Everything You Need to Know to Bet Horses
All three of the big Triple Crown races – the Kentucky Derby from Churchill Downs, the Belmont from Maryland, and the Belmont from here in New York City – are televised, along with the Breeders’ Cup and many of the preliminary races on the under-card each of the big days. Nothing is more exciting than watching your horse battle it out down the stretch and win at odds that bettors on two-team sporting events can only dream about. Unfortunately, many sports bettors miss out on the excitement and huge profits available betting the races because they don’t understand horse betting.
This article will explain pari-mutuel betting and the types of bets available for the novice to horse betting, and will discuss money management, as well as some fine points of placing horse bets for those who are more experienced as well those who are new to the sport.
How does pari-mutuel betting at U.S. tracks work?
The pari-mutuel system of betting, in use at all tracks and by all bookmakers and off-track betting establishments in the United States, is very different from other sports. The biggest difference between the pari-mutuel system and betting on other sports is that under the pari-mutuel system you do not lock in your odds when you bet. The odds keep changing as money comes in on the various horses. The odds are calculated by dividing the amount bet on all other horses by the amount bet on the horse whose odds are being calculated. Those odds keep changing until the race goes off, and everyone who bets on a particular horse gets the final odds based on a calculation after betting closes. Those final odds may be significantly higher or lower than the odds posted when you made your bet.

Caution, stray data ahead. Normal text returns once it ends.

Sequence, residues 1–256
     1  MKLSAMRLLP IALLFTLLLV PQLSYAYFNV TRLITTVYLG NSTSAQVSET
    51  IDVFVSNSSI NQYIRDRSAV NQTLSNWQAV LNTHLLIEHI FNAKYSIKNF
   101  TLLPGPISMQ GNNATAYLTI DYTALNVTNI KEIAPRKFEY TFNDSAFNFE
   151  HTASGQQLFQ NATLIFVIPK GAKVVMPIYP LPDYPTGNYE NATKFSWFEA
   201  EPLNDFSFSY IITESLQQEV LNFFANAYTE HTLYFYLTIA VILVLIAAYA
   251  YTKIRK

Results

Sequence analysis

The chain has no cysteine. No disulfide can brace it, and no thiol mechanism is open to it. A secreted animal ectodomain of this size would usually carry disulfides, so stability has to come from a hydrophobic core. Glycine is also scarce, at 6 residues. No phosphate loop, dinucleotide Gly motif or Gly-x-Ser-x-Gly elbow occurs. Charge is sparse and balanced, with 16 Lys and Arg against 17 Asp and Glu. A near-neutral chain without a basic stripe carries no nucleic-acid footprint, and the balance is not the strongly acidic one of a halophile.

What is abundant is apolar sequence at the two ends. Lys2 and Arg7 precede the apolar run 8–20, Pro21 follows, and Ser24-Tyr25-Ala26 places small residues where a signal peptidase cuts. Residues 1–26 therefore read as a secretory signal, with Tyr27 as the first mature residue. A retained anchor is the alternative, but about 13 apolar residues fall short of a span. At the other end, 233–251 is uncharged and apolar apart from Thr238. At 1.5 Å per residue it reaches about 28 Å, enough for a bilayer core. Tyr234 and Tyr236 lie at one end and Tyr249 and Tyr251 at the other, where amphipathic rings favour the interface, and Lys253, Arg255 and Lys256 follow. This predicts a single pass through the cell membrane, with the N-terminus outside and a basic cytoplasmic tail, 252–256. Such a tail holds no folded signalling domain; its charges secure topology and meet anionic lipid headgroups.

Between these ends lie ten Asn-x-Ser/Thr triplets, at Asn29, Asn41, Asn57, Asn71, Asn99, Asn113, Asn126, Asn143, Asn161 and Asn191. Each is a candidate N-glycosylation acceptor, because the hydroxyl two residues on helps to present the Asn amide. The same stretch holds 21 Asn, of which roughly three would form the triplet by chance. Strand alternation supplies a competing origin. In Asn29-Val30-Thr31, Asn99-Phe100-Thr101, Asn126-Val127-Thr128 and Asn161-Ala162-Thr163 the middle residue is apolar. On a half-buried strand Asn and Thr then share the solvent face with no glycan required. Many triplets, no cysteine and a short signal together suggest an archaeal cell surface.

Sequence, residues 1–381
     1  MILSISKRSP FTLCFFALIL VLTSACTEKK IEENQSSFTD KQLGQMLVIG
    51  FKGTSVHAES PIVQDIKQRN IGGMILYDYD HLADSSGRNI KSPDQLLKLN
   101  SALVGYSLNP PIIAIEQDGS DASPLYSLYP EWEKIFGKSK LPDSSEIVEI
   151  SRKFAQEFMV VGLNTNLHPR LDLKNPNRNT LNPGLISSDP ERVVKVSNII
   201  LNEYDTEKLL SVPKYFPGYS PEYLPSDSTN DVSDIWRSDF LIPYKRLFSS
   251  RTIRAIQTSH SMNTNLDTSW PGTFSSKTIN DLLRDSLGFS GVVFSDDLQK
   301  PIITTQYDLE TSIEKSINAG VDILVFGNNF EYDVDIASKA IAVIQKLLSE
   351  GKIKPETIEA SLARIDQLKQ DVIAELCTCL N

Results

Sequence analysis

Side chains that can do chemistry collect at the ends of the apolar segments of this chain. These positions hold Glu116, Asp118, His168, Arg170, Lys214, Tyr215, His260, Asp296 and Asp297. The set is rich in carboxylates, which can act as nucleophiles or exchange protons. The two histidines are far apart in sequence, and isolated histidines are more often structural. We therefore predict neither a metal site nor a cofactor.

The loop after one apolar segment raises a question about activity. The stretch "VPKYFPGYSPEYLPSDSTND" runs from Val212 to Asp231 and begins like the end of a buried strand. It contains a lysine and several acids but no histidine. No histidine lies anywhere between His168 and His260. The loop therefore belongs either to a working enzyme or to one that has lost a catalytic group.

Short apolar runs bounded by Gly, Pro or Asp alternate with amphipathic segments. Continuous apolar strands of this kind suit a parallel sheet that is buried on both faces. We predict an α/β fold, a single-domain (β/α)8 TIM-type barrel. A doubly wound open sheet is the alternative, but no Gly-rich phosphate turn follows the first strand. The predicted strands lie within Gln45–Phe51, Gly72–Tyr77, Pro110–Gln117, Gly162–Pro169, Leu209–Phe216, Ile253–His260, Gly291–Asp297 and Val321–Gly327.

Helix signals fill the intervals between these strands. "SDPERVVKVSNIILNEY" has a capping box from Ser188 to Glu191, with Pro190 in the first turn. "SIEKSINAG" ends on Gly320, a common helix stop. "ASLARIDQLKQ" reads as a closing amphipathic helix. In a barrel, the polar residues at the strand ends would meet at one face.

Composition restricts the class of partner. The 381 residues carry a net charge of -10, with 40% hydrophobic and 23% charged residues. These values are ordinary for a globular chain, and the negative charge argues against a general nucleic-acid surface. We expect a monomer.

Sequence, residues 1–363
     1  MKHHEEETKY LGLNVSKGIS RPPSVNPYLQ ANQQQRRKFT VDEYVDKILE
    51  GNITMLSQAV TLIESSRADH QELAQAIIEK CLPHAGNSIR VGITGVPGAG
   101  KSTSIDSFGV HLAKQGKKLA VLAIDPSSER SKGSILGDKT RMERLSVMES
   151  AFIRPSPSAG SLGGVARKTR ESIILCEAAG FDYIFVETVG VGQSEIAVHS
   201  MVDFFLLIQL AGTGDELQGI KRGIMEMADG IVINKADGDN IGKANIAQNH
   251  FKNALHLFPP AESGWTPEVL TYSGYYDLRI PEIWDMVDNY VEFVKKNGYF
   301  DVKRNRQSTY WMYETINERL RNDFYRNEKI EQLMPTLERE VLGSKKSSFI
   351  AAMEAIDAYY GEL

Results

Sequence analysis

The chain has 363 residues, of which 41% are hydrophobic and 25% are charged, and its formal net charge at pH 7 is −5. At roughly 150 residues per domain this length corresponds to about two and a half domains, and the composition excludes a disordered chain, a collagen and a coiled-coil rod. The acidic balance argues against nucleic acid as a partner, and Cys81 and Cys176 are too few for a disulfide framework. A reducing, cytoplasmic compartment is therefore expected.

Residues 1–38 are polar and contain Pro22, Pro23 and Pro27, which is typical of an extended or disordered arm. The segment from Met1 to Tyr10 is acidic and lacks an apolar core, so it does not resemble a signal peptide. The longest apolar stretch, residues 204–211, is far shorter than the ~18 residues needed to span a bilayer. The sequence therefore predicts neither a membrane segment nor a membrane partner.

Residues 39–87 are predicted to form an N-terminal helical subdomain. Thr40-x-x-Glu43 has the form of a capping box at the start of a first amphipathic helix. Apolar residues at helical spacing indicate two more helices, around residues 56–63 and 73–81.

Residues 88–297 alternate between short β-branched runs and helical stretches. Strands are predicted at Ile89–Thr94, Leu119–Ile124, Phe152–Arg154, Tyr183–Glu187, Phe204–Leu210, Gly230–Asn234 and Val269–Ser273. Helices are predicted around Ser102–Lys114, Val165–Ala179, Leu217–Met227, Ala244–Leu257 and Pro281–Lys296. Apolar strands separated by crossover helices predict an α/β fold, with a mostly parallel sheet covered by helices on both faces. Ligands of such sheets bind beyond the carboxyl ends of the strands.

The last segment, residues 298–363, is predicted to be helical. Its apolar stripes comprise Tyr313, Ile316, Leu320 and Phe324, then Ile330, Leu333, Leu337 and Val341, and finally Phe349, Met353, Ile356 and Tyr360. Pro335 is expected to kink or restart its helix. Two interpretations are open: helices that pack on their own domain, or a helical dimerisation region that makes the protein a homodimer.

This system often causes a good deal of confusion for new bettors who expect to get paid at the odds posted when they bet. You can get a good approximation of the final odds if you wait until about 10 minutes before the time the race is scheduled to start (called “post time”) to make your bets. Once there is a large amount of money in the betting pool, the fluctuations are less drastic and the proportions bet on each horse tend not to change too drastically. If you bet with an off-shore bookmaker, however, don’t wait too long.
Bets and payouts and U.S. tracks are based on a $2 bet.. There are a few exceptions to the $2 base bet on some exotic bets at some tracks, but those exceptions won’t apply at any of the tracks at which the Triple Crown is run. The posted odds tell you your profit, but you must add the $2.00 bet to that profit to get the actual payout. For example, if you bet $2 on a horse called “Upset” and the final odds are 2-1, you can expect your profit to be about $4.00 (two times the $2.00 bet). The horse’s payout, however, would be $6.00. which represents the $4.00 profit plus the original $2.00 you bet that is returned to you when you win. The payout may be a little more than $6.00 because the pool may provide an extra 20 cents or more per $2.00, and the odds are quoted to the nearest whole numbers below the actual payout. Don’t be surprised if your 2-1 winner pays you $6.20 instead of an even $6.00 for every $2.00 bet.
You can calculate the amount you should get paid on your entire bet by dividing the horse’s payout by 2 to get the payout for every $1.00 bet, and then multiplying by the amount you bet.